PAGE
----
Category Archives: Characters

Loving the Small Things

The Blade ItselfThe Blade Itself by Joe Abercrombie

Look I’m having a really hard time writing a summary for this and it’s Nanowrimo, so give me a break and if you want to know what the book is about, go here.

 

Joe Abercrombie does not write my favorite books, but he certainly writes some of the most fascinating. I actually read this for the first time while Justin Landon was doing his re-read over at Tor.com. A happy coincidence. And it was a great way to read such a layered and complex work. I could read it for myself, draw my own conclusions and then hop over to see what Justin had to say about this or that chapter. I’m not an avidly analytical reader so I was surprised and proud to see I actually picked up on a lot of the same themes he was so excited about.

Of those themes, one of my favorites was that of heroism. Abercrombie presents us with three possible heroes: the noble swordsman – literally, not morally; the barbarian – not as popular an archetype as the swordsman but still widely recognized; and the crippled torturer – who’s not on any list as far as I can tell. With two much celebrated archetypes readily available, why would we even notice the third? Well, the swordsman is a self-obsessed bastard, and the barbarian is practical, and well, let’s be honest, just a little boring. So the one we’re drawn to is the third. And despite the fact that he tortures people for a living and all his bitching and moaning (or maybe because of it, he does it so well, after all), Glokta is surprisingly sympathetic.

I’m having a hard time cataloguing Glokta’s disabilities because they’re so creative and so many. He was once a brilliant, arrogant swordsman himself. Then he went to war. The enemy’s torturers left him a different man. Now, I usually associate torture with excruciating pain that lasts as long as it takes to get someone to say what you want them to say. But Glokta’s torturers made sure that the pain they inflicted would last for the rest of his life. He’s missing half his teeth, he barely walks, he’s got some pretty significant nerve damage, and I’m not sure what’s wrong with his back, but let’s just say it’s worse than mine.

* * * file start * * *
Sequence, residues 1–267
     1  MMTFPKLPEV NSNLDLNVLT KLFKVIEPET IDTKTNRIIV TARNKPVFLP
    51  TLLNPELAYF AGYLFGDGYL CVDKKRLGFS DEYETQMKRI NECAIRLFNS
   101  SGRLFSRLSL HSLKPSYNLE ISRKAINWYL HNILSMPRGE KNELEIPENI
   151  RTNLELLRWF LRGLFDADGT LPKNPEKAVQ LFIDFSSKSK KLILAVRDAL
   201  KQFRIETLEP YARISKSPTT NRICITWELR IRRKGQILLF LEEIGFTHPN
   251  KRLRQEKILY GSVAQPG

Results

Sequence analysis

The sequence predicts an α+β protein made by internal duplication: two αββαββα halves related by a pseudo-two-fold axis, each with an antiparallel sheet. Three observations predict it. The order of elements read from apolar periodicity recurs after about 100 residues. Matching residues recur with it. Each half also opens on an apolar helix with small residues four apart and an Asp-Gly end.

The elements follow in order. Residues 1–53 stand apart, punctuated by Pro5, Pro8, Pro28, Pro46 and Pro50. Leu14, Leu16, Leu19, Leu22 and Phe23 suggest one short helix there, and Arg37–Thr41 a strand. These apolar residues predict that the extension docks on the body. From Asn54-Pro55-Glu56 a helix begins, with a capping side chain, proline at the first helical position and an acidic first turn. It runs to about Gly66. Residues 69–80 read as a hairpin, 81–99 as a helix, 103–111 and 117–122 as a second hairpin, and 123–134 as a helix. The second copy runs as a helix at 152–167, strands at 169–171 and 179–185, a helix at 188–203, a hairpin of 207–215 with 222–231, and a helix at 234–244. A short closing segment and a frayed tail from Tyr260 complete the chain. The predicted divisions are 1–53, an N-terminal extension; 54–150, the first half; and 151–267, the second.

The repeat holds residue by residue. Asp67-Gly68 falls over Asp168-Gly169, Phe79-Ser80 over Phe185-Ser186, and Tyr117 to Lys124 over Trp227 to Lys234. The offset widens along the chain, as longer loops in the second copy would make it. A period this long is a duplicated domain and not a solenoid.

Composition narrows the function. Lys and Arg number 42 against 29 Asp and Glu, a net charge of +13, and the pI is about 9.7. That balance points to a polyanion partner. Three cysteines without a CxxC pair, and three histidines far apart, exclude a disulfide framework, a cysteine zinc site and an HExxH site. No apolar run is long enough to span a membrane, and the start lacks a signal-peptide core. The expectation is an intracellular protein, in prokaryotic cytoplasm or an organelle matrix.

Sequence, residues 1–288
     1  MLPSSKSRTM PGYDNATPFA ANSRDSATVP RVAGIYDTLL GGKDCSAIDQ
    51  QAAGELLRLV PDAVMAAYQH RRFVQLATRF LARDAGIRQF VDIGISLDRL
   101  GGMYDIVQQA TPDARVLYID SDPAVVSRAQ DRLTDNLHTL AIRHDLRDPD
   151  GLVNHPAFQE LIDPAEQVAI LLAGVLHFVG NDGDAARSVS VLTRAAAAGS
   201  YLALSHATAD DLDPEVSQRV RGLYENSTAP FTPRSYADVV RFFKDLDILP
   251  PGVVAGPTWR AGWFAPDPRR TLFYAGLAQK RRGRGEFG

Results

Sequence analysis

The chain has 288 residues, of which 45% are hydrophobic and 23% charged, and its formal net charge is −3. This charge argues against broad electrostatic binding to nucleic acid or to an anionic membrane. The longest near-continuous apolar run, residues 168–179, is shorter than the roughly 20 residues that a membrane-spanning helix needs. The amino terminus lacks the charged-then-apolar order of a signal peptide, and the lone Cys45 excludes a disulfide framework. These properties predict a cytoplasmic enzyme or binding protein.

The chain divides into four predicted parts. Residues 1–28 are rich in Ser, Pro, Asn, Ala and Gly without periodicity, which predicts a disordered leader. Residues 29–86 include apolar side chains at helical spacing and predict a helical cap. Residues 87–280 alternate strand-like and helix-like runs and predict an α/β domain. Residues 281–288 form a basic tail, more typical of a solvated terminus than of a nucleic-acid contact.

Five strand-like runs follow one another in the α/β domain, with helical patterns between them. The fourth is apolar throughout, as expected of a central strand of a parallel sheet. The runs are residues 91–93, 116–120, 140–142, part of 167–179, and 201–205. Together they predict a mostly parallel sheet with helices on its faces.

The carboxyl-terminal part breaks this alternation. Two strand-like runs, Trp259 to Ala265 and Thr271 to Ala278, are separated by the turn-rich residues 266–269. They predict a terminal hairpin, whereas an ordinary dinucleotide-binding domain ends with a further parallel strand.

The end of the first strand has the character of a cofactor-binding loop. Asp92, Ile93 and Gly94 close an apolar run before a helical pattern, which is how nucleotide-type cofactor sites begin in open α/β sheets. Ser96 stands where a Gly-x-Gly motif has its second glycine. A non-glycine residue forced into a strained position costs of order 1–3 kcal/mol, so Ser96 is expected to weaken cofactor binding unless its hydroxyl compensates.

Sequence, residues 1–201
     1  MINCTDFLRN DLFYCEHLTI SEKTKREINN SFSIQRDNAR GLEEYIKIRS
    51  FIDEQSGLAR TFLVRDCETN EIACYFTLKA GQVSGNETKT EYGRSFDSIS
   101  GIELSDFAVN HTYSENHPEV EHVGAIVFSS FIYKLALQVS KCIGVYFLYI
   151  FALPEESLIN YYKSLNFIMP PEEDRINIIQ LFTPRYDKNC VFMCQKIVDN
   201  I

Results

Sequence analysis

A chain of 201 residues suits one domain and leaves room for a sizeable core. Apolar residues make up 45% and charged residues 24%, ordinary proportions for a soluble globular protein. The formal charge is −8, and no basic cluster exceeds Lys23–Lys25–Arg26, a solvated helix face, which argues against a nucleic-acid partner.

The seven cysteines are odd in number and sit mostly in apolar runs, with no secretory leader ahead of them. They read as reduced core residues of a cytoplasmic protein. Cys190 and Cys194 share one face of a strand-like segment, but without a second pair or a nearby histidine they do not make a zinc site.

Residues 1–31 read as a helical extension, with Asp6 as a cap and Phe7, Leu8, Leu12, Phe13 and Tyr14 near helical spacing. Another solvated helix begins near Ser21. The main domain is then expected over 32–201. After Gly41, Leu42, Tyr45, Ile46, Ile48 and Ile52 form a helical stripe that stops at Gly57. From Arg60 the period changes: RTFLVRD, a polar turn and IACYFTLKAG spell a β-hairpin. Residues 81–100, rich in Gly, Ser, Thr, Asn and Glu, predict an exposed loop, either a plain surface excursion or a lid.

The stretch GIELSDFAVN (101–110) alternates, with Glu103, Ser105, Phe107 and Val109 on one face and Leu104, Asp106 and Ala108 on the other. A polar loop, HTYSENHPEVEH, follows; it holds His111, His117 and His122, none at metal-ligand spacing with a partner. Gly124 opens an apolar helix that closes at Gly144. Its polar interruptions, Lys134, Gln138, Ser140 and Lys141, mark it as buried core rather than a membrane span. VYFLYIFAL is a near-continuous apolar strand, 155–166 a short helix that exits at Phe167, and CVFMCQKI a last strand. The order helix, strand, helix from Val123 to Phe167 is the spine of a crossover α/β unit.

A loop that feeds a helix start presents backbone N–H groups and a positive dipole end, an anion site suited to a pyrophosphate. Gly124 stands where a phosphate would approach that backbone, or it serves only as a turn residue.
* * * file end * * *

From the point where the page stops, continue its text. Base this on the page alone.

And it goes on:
And despite all this he is competent. That’s Glokta’s superpower and it’s what makes him one of my favorite characters written. He falls perilously close to the Curmudgeon stereotype, bitterness infusing everything he thinks and says, but he still manages to be the best at what he does. And isn’t that just a fascinating twist. He’s good at inflicting pain because he knows it so well. He hates his own pain, hates the man he is, but he’s excellent at his job, and frankly, no one else will have him, so he keeps going. He’s stuck in this wonderfully perpetual cycle of self-loathing.

Which would be horrible and depressing if not for his inner commentary. Which is hysterical and pointed and can’t be described any better than that.

And here’s the sugar coated knife Abercrombie sticks us with (as if it’s not already buried deep). Glokta is feared by all. Granted some of that is probably similar to The Princess Bride’s “Dear God, what is that thing?” reaction. But most of it is due to the position Glokta holds. This ruined man, the cripple who can’t eat solid food or get out of bed without help, holds power that makes common men tremble. We’ll have to see what he does with it in the rest of the series.

So far this book sounds truly dark, but scattered amongst the grit there are gems like this: “You have to learn to love the small things in life, like a hot bath. You have to love the small things, when you’ve nothing else.” On the surface, just as depressing as the rest, but really, this is how I live my life. This ray of hope in a genre known as grim or dark fantasy (or as Justin says, Grimdark).

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Hard Beauty

Out of My mindOut of My Mind by Sharon M Draper

Eleven year old Melody has never spoken a word. She has never been able to walk or dress or feed herself. But Melody has something to say and with the help of some loyal friends she’s finally going to say it.

 

This book was beautiful. And so so hard. Thanks go to my mom and my little sister for the recommendation. I really admire an author that can keep me that close to laughter or tears for page after page. Maybe if I keep reading books like this some of that perfection will rub off on me and infuse my own words.